On May 17, Allianz Global Investors, the U.S.-based investing division of German financial company Allianz SE, pleaded guilty to defrauding investors and agreed to pay back $6 billion, reports The Wall Street Journal. Here’s the Allianz fraud lawsuit explained in more detail.
According to the U.S. Department of Justice, between 2014 and 2020, Allianz GI offered a set of private funds known as Structured Alpha Funds, which were marketed primarily to institutional investors, including pension funds for workers across the country. Investors were told that the funds were protected if there was a sudden stock market crash.
Allianz GI funds lost over $7 billion in the COVID-19 pandemic crash.
However, when the market became volatile in March 2020 at the onset of the COVID-19 pandemic shutdown, the funds lost more than $7 billion in market value and were eventually shut down. Pension funds across the country were stripped of funds, including those for teachers in Arkansas, laborers in Alaska, bus drivers and subway conductors in New York City, and many other universities, individuals, and religious and charitable organizations.
The Arkansas Teacher Retirement System was the first to file a lawsuit against Allianz GI in July 2020, seeking $774 million in damages, Reuters reported. At least 25 other lawsuits totaling about $6 billion were filed against Allianz. The Department of Justice and the SEC also started investigating possible misconduct by Allianz GI fund managers.
Structured Alpha Funds portfolio managers Gregoire Tournant, Trevor Taylor, and Stephen Bond-Nelson, as well as Allianz GI, were ultimately charged with securities fraud by the Department of Justice. The SEC has also sued the three men for civil securities fraud, The Wall Street Journal reports.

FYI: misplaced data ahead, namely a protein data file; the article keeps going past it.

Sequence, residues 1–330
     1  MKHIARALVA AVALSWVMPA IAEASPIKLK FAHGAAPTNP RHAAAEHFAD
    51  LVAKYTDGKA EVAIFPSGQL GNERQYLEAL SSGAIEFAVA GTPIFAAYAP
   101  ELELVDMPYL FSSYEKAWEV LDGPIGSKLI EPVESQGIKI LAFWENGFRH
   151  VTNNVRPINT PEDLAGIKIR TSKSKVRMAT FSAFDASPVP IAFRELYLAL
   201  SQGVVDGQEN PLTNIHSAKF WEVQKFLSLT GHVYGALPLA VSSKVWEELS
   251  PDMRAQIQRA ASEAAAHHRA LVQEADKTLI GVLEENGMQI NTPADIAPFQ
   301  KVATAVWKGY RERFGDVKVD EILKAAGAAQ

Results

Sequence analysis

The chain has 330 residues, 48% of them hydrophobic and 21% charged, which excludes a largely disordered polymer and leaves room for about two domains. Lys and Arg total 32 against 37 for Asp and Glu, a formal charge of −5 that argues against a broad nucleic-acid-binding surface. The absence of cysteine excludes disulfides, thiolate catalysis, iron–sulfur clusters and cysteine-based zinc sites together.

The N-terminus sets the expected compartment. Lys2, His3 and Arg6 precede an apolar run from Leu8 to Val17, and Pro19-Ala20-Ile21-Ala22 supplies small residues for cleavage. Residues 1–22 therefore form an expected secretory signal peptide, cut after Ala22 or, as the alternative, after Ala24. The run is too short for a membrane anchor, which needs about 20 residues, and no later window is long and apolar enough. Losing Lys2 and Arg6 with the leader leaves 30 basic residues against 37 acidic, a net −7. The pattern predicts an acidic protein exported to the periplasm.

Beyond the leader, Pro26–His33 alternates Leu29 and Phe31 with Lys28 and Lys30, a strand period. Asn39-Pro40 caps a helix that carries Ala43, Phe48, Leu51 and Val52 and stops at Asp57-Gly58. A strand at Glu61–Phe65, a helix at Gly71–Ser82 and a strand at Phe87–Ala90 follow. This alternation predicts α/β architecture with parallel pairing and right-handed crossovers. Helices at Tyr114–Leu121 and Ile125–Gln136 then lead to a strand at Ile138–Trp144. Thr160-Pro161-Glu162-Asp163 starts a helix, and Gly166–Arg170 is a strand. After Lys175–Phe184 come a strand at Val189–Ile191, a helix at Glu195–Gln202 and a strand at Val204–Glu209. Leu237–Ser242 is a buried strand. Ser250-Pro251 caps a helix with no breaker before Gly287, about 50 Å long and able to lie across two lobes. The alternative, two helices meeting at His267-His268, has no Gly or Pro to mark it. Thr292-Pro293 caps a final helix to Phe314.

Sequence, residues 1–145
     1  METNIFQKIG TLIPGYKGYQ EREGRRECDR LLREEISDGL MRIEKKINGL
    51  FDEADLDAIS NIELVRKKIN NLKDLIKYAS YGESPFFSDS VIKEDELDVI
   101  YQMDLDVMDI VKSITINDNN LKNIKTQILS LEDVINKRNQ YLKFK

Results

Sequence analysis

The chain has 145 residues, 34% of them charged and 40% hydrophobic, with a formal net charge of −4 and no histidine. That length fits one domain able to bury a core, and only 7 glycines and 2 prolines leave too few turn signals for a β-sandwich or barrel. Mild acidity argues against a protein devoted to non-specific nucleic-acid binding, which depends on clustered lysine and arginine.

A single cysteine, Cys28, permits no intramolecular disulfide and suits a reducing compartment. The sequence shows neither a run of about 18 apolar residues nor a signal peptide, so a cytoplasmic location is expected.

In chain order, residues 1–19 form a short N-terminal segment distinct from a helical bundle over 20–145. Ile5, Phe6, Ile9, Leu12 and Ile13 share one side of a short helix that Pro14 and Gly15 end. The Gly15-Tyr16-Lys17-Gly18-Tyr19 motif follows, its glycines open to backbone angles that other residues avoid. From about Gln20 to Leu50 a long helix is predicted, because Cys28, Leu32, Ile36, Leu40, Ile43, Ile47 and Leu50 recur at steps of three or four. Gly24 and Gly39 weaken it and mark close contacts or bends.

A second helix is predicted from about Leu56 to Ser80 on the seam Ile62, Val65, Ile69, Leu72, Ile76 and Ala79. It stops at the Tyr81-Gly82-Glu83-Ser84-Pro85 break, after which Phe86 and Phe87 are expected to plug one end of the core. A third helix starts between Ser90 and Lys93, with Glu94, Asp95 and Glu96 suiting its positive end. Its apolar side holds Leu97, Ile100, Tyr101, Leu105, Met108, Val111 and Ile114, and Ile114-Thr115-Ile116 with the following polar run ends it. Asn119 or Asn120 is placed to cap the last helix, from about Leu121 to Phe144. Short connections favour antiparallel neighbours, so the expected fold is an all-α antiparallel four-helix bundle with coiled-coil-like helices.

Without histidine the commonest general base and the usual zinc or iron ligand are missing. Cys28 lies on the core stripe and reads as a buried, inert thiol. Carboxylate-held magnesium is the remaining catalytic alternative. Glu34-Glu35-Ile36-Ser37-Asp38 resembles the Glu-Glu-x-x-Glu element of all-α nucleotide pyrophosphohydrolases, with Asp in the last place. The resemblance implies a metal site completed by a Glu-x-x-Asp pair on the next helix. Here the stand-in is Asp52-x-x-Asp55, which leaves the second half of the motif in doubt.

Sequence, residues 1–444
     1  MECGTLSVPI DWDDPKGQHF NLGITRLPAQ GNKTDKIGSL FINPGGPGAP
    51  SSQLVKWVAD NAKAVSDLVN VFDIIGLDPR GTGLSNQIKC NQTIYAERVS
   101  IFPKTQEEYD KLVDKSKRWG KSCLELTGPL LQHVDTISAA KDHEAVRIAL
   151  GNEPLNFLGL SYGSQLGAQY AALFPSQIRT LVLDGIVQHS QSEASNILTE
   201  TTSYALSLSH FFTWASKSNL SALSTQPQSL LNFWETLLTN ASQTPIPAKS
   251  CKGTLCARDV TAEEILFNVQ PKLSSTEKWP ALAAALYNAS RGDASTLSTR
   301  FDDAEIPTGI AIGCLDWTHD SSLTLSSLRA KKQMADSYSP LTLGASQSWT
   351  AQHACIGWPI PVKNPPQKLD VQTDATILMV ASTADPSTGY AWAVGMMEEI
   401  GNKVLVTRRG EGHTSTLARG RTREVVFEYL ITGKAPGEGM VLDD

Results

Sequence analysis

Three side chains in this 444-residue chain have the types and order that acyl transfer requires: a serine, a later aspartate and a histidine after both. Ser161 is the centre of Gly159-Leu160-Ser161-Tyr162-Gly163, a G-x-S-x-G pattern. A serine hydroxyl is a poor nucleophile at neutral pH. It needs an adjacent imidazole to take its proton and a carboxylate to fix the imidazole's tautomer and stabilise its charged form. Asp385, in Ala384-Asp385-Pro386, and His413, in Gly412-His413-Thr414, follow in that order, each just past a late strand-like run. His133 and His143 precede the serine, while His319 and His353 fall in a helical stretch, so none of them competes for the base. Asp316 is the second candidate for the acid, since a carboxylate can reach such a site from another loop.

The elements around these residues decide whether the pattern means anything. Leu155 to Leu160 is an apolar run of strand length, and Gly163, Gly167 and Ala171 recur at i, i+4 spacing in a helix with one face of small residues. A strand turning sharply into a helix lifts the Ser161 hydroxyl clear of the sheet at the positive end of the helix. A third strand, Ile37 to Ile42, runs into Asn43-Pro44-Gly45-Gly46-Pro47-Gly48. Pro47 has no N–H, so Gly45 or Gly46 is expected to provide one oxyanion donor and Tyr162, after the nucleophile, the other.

“As alleged, Gregoire Tournant and his co-conspirators lied to investors and secretly exposed them to substantial risk in order to line their own pockets and those of their employer, Allianz GI,” U.S. Attorney Damian Williams said in a statement.
Portfolio managers secretly bought cheaper and riskier hedges.
Tournant, who was the lead manager on the portfolio, “decided to lie and secretly buy cheaper hedges” in 2015, which offered less protection for investors, the Department of Justice alleged. The Department of Justice also claims Tournant, Taylor, and Bond-Nelson altered documents to investors that “hid the true riskiness” of the fund’s investments.
The fraud went undetected for years and helped contribute to Allianz GI’s profits, the Department of Justice claims. Tournant used Allianz’s status as one of the world’s largest financial services and insurance companies to continue to defraud investors.
“But Allianz GI, the 'master cop' that Tournant claimed was watching over his shoulder, making sure that he adhered to his promises, was asleep on the beat,” Williams said in a statement.
In its plea agreement, Allianz GI will pay over $3 billion in restitution to the fraud victims, about $2.3 billion in criminal fines, and forfeit about $463 million to the U.S. government.
Voya Financial will buy Allianz GI.
On the same day the Allianz GI plea deal was announced, insurance company Voya Financial Inc. said it would buy “a substantial majority” of Allianz GI’s business in the U.S. The transaction is expected to be finalized in the next several weeks, Voya officials stated.